PICTURES: Remembering the 18 Longford men who died in World War I

Ceremony to mark the 100th anniversary of the Third Battle of Ypres, ‘Passchendaele’

Aisling Kiernan

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Aisling Kiernan

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aisling.kiernan@longfordleader.ie

It was a poignant occasion at the Garden of Remembrance in Longford town last Friday evening during a ceremony to remember those local men who died in World War I.

The ceremony to mark the 100th anniversary of the Third Battle of Ypres, ‘Passchendaele’ attracted a large gathering who in the beautiful sunshine remembered the young men who gave their lives in adverse weather conditions and harrowing circumstances 100 years ago in ‘The Great War’.

The Longford men who died included: John Arthur Adams; Francis Bennett; Patrick Boland; Bernard Carberry; Peter Collumb; Francis Robert Dignan; Patrick Bolan; John Dowler; Edward Dowling; George Anfield; David Glennon; George Harte; Hugh Loughrey; John Hopkins; John Maguire; Thomas McNally; George Stephenson; Joseph Ward.  

During last Friday’s ceremony, a wreath was laid by the Cathaoirleach of Longford Municipal District, Cllr Mae Sexton and a member of one of the deceased Longford men’s family to the backdrop of the Green Fields of France which was played lamentably by well-known piper Noel Carberry.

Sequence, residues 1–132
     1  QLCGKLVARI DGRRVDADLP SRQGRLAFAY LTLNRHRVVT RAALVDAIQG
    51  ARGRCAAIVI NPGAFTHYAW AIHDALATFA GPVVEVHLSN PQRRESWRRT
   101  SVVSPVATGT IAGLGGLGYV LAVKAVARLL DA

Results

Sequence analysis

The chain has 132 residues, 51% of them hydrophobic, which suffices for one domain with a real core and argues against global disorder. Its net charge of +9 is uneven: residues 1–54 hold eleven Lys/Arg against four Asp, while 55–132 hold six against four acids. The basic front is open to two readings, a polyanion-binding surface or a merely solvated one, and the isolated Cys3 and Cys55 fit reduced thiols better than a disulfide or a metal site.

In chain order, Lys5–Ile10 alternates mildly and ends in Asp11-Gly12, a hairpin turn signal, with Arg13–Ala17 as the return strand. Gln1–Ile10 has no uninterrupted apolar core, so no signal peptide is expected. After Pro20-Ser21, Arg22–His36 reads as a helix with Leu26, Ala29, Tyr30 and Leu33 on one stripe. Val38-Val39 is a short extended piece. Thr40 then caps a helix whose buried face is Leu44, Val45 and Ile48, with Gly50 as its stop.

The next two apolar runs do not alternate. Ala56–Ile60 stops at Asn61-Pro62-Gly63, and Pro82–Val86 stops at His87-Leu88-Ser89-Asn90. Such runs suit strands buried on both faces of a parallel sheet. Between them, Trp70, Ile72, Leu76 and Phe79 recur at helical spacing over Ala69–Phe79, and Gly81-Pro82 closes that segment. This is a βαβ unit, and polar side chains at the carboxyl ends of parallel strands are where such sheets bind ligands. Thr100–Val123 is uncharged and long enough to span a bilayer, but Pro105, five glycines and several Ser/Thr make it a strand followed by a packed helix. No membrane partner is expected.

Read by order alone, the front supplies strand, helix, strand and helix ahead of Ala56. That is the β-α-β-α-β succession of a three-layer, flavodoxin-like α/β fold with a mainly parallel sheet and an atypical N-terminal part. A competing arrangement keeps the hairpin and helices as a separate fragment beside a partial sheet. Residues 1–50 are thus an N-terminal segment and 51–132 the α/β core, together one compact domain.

Cathaoirleach, Cllr Martin Mulleady welcomed all those gathered, in particular the relatives of the local men who died.

He said it was important to remember the dead and to acknowledge the important role they played in shaping the world.

Local Historian Hugh Farrell then gave a talk at the library where the official opening of ‘Longford & the Great War: Passchendaele’ exhibition took place.

The Battle of Passchendaele, also known as the Third Battle of Ypres, was a campaign of World War 1, fought by the Allies against the German Empire.

The battle, which took place on the Western Front, from July to November 1917 was for control of the ridges south and east of the Belgian city of Ypres in West Flanders; Passchendaele lay on the last ridge east of Ypres.

Further operations and a British supporting attack along the Belgian coast from Nieuwpoort, combined with Operation Hush were to have reached Bruges and then the Dutch frontier.

The resistance of the 4th Army, unusually wet weather, the onset of winter and the diversion of British and French resources to Italy, following the Austro-German victory at the Battle of Caporetto - October 24 to November 19 - enabled the Germans to avoid a general withdrawal, which had seemed inevitable in early October.

The campaign ended in November, when the Canadian Corps captured Passchendaele.

In 1918, the Battle of the Lys and the Fifth Battle of Ypres were fought before the Allies occupied the Belgian coast and reached the Dutch frontier.

Photos by Shelley Corcoran